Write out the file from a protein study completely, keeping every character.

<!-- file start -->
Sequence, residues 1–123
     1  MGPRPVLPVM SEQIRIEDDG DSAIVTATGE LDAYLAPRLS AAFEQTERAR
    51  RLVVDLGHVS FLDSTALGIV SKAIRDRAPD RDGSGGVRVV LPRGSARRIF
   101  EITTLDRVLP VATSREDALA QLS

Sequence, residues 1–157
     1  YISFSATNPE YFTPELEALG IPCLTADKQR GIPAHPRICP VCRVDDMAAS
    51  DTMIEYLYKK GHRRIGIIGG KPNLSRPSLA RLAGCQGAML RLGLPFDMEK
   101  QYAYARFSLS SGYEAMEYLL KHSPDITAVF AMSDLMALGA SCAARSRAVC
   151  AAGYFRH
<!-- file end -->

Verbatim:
Sequence, residues 1–123
     1  MGPRPVLPVM SEQIRIEDDG DSAIVTATGE LDAYLAPRLS AAFEQTERAR
    51  RLVVDLGHVS FLDSTALGIV SKAIRDRAPD RDGSGGVRVV LPRGSARRIF
   101  EITTLDRVLP VATSREDALA QLS

Sequence, residues 1–157
     1  YISFSATNPE YFTPELEALG IPCLTADKQR GIPAHPRICP VCRVDDMAAS
    51  DTMIEYLYKK GHRRIGIIGG KPNLSRPSLA RLAGCQGAML RLGLPFDMEK
   101  QYAYARFSLS SGYEAMEYLL KHSPDITAVF AMSDLMALGA SCAARSRAVC
   151  AAGYFRH